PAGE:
Of the artists who made them, we know that they lived by farming, as well as hunting and gathering. They employed advanced Stone Age tools and were technically adept at making and working with the lime plaster from which the statues are fashioned. And the figures themselves? Perhaps they represented ancestors, or heroes, or gods or goddesses from some spirit world. We only know that after 9,000 years, their haunting faces, like archetypal figures from our collective past, have the power to speak to us still.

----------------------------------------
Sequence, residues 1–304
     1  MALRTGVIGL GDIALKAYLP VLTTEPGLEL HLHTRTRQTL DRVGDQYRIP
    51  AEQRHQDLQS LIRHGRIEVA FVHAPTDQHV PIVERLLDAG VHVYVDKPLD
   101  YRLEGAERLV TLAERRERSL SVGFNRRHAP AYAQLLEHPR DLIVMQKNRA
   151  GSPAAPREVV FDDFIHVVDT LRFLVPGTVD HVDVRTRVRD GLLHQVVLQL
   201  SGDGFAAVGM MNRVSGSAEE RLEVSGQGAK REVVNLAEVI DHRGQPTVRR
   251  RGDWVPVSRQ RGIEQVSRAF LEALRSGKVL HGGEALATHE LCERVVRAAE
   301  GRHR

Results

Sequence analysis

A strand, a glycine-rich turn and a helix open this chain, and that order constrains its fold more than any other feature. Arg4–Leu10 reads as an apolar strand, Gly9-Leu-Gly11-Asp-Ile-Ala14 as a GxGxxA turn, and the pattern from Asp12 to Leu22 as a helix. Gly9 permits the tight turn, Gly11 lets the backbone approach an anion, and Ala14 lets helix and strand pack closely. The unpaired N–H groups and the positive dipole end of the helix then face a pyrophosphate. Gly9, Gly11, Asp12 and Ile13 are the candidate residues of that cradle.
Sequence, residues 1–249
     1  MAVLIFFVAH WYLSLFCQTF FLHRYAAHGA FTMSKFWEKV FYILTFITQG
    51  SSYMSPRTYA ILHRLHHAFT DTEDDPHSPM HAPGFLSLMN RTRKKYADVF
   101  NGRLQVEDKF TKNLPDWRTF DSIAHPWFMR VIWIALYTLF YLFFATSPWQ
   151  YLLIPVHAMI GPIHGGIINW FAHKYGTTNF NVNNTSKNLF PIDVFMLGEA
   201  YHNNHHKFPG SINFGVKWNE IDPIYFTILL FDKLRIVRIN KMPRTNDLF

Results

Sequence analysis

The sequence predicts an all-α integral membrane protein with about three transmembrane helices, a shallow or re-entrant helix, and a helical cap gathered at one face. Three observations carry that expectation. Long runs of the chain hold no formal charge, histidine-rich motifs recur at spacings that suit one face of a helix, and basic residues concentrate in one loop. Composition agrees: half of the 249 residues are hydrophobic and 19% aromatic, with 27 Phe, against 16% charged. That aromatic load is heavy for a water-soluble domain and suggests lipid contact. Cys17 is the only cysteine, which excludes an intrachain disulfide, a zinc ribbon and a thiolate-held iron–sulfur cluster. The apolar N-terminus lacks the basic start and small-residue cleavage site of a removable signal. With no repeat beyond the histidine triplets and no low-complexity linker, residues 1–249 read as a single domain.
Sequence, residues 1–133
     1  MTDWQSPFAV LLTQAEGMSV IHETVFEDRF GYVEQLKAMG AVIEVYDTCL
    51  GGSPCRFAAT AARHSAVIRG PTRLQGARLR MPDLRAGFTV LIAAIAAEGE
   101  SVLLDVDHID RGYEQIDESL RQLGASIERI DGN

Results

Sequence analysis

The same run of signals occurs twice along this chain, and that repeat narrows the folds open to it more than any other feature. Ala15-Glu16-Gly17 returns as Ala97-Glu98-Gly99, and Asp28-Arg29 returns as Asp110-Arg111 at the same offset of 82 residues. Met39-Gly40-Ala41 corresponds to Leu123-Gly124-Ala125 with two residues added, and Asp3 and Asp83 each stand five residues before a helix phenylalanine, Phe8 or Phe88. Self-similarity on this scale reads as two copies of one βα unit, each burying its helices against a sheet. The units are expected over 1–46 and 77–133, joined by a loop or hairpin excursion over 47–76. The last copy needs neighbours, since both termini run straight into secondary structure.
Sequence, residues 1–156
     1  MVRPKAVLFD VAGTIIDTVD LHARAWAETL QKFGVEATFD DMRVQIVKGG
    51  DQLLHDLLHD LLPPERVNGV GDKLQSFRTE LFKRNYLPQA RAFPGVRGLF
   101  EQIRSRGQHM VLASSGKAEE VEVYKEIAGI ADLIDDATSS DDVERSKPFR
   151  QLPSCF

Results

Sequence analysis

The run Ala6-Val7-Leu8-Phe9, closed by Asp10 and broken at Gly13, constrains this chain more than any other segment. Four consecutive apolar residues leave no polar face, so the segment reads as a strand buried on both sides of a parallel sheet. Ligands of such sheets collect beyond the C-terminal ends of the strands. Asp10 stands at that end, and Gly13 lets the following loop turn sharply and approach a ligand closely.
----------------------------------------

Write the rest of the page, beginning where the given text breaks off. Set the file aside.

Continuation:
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With their enigmatic faces and staring, bitumen-accented eyes, they look like aliens from some other world, and in a way, they are, for they have come to us from across nine millennia. The figures, two full-length statues and a double-headed bust, each about 3 1/2 feet tall, are from a cache discovered in 1985 after a bulldozer cutting a road in Jordan exposed an ancient archaeological site. Broken into thousands of fragments, the figures were far too delicate to be excavated on the site, and so the entire block of earth in which they were entombed was dug up and shipped to the Smithsonian's Conservation Analytical Laboratory. There, in a process spanning a decade, conservators painstakingly reassembled them. They are now on display at the Arthur M. Sackler Gallery.